Blog Post by Shayla Carey
Luck, be it good or bad, is a useful psychological impetus in our daily lives. Never mind that walking under a ladder is unsafe: it’s unlucky and so we go around it. For that reason, we probably save ourselves a lot of hurt from falling objects and/or people. Traditions abound surrounding luck symbols and, without them, I would have had no reason to try pork and sauerkraut—a savory and salty meal best enjoyed mixed with mashed potatoes (in my humble opinion) and accompanied by cold mulled cider.
|A fresh ham on display at the|
2016 Harvest Days
|Fresh cabbage enjoying a salt bath as it becomes sauerkraut|
With pork and cabbage meaning so much to so many cultures, I have to admit that my husband’s family may be on to something. I certainly do feel lucky to be alive, whole, comfortable, and surrounded by family for the coming year. In the spirit of wishing you luck in the new year, I leave you with a recipe gleaned from the Landis Valley Cookbook, available at the Landis Valley Museum Store.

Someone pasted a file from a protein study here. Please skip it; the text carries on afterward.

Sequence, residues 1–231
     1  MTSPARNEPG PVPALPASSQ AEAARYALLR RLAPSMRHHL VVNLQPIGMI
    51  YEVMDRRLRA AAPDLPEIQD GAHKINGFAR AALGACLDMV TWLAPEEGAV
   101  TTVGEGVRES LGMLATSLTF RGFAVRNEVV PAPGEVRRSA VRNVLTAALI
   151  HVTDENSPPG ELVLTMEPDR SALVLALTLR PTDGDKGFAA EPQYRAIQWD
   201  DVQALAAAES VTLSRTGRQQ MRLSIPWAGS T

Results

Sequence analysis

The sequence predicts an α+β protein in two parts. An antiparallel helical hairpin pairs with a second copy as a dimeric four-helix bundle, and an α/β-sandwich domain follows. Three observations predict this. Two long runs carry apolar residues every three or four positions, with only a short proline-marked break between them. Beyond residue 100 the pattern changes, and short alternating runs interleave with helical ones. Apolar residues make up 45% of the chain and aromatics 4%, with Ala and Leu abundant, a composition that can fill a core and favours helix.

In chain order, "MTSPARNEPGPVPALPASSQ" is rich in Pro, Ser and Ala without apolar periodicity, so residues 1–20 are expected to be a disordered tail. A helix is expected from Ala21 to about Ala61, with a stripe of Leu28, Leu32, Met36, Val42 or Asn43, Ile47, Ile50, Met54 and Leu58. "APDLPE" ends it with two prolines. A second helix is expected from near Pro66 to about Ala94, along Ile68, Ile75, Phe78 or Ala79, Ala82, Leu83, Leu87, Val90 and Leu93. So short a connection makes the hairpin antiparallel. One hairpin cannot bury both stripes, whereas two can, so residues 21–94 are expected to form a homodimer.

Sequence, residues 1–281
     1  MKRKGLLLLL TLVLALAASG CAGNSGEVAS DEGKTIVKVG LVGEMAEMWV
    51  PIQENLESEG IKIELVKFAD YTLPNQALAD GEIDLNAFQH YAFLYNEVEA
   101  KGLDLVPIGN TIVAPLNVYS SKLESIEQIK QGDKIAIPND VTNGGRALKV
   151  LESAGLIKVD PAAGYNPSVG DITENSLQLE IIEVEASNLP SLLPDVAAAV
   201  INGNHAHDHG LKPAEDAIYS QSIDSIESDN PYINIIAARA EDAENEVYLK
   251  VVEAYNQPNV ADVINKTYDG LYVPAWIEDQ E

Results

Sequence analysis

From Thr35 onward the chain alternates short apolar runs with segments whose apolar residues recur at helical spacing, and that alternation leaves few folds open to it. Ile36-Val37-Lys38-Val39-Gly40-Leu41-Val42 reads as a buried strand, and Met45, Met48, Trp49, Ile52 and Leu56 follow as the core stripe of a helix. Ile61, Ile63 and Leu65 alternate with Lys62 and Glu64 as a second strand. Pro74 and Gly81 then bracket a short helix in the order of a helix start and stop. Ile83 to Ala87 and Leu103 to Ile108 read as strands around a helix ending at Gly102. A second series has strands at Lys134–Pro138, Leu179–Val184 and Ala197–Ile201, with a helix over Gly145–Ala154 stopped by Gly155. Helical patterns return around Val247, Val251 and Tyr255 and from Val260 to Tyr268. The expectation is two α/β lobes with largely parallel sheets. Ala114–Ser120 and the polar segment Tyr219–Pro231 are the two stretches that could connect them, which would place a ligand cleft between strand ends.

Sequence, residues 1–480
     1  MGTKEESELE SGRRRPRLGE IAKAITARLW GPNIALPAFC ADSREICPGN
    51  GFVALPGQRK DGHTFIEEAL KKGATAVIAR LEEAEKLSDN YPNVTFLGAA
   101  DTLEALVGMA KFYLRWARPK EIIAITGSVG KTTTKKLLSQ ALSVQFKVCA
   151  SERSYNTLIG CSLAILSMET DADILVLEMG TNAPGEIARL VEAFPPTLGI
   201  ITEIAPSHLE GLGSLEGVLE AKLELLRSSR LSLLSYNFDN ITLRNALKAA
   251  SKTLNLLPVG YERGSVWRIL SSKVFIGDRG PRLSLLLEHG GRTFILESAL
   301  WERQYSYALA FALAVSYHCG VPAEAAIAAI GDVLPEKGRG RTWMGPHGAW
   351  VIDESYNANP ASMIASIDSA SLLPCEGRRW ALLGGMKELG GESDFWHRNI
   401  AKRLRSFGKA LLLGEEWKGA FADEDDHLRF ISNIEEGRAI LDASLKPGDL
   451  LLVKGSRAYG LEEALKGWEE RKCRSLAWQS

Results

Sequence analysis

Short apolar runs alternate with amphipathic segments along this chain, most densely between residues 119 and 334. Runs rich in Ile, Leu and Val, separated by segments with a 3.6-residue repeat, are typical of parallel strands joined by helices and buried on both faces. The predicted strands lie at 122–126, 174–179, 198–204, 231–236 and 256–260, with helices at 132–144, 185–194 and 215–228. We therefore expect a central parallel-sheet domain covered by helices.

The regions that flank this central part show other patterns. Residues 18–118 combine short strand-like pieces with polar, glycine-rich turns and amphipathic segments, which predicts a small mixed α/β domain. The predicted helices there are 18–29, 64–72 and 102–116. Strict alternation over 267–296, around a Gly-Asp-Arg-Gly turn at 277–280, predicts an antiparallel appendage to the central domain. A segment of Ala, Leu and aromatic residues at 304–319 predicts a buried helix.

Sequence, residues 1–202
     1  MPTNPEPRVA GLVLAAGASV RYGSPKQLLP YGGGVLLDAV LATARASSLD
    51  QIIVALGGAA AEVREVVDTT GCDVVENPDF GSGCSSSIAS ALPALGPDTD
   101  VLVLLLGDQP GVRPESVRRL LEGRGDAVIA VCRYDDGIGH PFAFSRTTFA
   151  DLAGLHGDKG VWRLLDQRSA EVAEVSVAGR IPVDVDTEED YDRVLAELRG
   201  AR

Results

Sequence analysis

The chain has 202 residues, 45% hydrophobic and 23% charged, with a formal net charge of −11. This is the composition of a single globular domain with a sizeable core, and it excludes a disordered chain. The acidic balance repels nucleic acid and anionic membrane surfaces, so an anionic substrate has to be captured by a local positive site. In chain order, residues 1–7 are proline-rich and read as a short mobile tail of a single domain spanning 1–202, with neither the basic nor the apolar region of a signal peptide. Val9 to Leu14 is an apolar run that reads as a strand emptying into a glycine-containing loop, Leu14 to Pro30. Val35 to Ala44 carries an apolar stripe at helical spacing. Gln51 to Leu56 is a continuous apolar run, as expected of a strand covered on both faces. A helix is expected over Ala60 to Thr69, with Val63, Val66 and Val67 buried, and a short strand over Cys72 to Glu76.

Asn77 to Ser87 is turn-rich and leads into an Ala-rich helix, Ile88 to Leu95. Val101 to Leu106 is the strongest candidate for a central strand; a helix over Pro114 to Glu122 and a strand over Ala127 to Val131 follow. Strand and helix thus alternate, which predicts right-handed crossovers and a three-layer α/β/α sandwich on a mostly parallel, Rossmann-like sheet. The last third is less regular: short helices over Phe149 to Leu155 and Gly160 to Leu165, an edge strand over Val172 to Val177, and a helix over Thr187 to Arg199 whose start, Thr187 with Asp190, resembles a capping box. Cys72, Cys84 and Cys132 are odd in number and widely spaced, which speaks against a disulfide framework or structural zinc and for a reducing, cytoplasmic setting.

Pork and Sauerkraut
3- or 4-pound pork roast
2 baking apples
2 quarts sauerkraut
¼ cup brown sugar (more or less, depending on the tarness of the sauerkraut)
Salt and pepper
Put pork into a large roasting pan, fat side up. Sear all sides of the meat on top of the stove. Arrange the sauerkraut on top and around the pork. Thinly slice the apples and mix with the sauerkraut. Add brown sugar and stir it well into the sauerkraut. Add enough water to nearly cover the sauerkraut. Bake at 450 degrees for 15 minutes. Reduce the heat to 375 degrees and bake until the meat comes off the bones when stuck with a fork. Serve with mashed potates. Julia Lewis, c. 1930
1South Central Pennsylvania Legends & Lore, by David Puglia, page 26.
2For a really interesting article about the history of pig farming in Europe, click on the BBC article, “Pig DNA reveals farming history.”
3Landis Valley Cookbook, Landis Valley Associates, page 131.
4”Dead Lucky! What Germans Consider Lucky Charms” by Tatjana Kerschbaumer, Goethe Intitut.
5The Magic Arts in Celtic Britain, by Lewis Spence, page 160.
6“New Year’s traditions around the world,” by Nancy Clanton; Atlanta Journal Contitution.
7”Lucky Foods for the New Year,” by Lauren Salkeld, Epicurious.
8“Lucky Foods for the New Year,” by Annette Foglino, Smithsonian.com.
9“Corned Beef and Cabbage: As Irish as Spaghetti and Meatballs,” by Stephanie Butler, History.com.